The study was published online Feb. 14 by the journal Nature Climate Change, and was supported by the U.S. National Oceanic and Atmospheric Administration, and the Princeton Environmental Institute through a fellowship from the Program in Science, Technology and Environmental Policy based in Princeton's Woodrow Wilson School of Public and International Affairs.


Story Source:

The above story is based on materials provided by Princeton University. The original article was written by Morgan Kelly (Jennifer Chu of MIT contributed to this story). Note: Materials may be edited for content and length.


Journal Reference:

  1. Ning Lin, Kerry Emanuel, Michael Oppenheimer, Erik Vanmarcke. Physically based assessment of hurricane surge threat under climate change. Nature Climate Change, 2012; DOI: 10.1038/nclimate1389

Cite This Page:

Princeton University. "'Storm of the century' may become 'storm of the decade'." ScienceDaily. ScienceDaily, 23 February 2012. <www.sciencedaily.com/releases/2012/02/120223133216.htm>.
Princeton University. (2012, February 23). 'Storm of the century' may become 'storm of the decade'. ScienceDaily. Retrieved October 20, 2014 from www.sciencedaily.com/releases/2012/02/120223133216.htm
Princeton University. "'Storm of the century' may become 'storm of the decade'." ScienceDaily. www.sciencedaily.com/releases/2012/02/120223133216.htm (accessed October 20, 2014).

Share This



More Earth & Climate News

Monday, October 20, 2014

Featured Research

from universities, journals, and other organizations


Featured Videos

from AP, Reuters, AFP, and other news services

Traditional Farming Methods Gaining Ground in Mali

Traditional Farming Methods Gaining Ground in Mali

AFP (Oct. 20, 2014) — He is leading a one man agricultural revolution in Mali - Oumar Diatabe uses traditional farming methods to get the most out of his land and is teaching others across the country how to do the same. Duration: 01:44 Video provided by AFP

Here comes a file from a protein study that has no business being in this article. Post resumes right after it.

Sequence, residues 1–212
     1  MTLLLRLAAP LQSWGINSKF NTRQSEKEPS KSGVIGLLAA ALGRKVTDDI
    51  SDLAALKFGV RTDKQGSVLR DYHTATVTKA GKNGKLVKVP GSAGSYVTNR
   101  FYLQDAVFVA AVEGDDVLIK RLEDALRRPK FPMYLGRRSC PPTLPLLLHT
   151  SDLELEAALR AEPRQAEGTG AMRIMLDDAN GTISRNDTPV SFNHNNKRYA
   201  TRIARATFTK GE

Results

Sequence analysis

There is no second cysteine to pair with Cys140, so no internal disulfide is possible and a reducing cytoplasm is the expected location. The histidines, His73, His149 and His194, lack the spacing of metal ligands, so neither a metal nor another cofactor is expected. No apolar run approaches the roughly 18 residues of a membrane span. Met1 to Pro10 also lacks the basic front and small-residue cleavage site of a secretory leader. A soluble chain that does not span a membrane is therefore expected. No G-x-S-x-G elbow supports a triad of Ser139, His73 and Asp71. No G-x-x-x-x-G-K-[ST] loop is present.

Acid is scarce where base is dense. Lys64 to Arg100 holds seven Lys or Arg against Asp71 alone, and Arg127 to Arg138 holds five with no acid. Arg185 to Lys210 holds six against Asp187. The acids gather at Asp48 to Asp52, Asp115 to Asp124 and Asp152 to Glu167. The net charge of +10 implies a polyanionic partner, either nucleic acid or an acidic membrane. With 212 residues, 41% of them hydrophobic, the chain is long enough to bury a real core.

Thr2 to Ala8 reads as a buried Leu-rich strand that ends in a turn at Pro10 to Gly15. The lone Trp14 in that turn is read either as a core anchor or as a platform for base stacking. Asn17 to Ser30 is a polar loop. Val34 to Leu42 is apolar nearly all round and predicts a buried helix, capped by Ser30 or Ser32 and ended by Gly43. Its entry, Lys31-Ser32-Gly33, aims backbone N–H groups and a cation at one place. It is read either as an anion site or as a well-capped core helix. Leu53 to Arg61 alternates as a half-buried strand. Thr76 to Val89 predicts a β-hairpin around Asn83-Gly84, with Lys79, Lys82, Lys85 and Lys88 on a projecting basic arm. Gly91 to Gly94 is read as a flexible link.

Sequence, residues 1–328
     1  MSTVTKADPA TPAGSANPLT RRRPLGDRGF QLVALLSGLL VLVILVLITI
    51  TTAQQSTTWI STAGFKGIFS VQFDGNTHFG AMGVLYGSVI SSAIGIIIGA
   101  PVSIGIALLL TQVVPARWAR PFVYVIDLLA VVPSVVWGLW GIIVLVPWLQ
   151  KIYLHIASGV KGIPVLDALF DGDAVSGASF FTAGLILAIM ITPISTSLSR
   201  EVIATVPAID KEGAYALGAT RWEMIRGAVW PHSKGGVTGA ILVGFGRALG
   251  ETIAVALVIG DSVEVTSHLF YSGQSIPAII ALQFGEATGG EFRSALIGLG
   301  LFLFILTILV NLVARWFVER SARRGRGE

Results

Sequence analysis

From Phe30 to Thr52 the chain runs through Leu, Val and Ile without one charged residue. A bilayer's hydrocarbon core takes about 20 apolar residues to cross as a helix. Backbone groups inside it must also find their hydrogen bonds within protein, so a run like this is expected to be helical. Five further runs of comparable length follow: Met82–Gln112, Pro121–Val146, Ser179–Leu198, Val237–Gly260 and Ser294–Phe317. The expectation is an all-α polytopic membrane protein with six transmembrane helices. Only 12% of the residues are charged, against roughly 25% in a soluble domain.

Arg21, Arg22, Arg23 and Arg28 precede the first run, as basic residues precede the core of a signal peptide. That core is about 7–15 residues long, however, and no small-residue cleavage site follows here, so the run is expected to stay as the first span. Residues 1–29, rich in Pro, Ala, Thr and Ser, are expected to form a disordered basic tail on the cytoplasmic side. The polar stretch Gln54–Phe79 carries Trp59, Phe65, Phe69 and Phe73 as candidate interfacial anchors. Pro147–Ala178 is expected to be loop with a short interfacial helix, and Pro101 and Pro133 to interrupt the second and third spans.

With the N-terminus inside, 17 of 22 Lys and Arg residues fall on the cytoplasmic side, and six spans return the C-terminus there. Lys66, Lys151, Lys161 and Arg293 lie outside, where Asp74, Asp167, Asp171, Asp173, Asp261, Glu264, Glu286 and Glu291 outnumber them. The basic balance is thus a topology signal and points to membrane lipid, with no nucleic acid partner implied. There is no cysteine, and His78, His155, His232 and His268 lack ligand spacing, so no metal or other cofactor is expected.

Powered by NewsLook.com
Hey, Doc! Sewage, Beer and Food Scraps Can Power Chevrolet’s Bi-Fuel Impala

Hey, Doc! Sewage, Beer and Food Scraps Can Power Chevrolet’s Bi-Fuel Impala

3BL Media (Oct. 20, 2014) — Hey, Doc! Sewage, Beer and Food Scraps Can Power Chevrolet’s Bi-fuel Impala Video provided by 3BL
Powered by NewsLook.com
White Rhino's Death In Kenya Means Just 6 Are Left

White Rhino's Death In Kenya Means Just 6 Are Left

Newsy (Oct. 20, 2014) — Suni, a rare northern white rhino at Ol Pejeta Conservancy, died Friday. This, as many media have pointed out, leaves people fearing extinction. Video provided by Newsy
Powered by NewsLook.com
Beijing Marathon Runners Brave Hazardous Air Pollution

Beijing Marathon Runners Brave Hazardous Air Pollution

AFP (Oct. 19, 2014) — Tens of thousands of runners battled thick smog at the Beijing Marathon on Sunday, with some donning masks as the levels of PM2.5 small pollutant particles soared to 16 times the maximum recommended level. Duration: 00:54 Video provided by AFP
Powered by NewsLook.com

Search ScienceDaily

Number of stories in archives: 140,361

Find with keyword(s):
 
Enter a keyword or phrase to search ScienceDaily for related topics and research stories.

Save/Print:
Share:  

Breaking News:

Strange & Offbeat Stories

 

Plants & Animals

Earth & Climate

Fossils & Ruins

In Other News

... from NewsDaily.com

Science News

Health News

Environment News

Technology News



Save/Print:
Share:  

Free Subscriptions


Get the latest science news with ScienceDaily's free email newsletters, updated daily and weekly. Or view hourly updated newsfeeds in your RSS reader:

Get Social & Mobile


Keep up to date with the latest news from ScienceDaily via social networks and mobile apps:

Have Feedback?


Tell us what you think of ScienceDaily -- we welcome both positive and negative comments. Have any problems using the site? Questions?
Mobile iPhone Android Web
Follow Facebook Twitter Google+
Subscribe RSS Feeds Email Newsletters
Latest Headlines Health & Medicine Mind & Brain Space & Time Matter & Energy Computers & Math Plants & Animals Earth & Climate Fossils & Ruins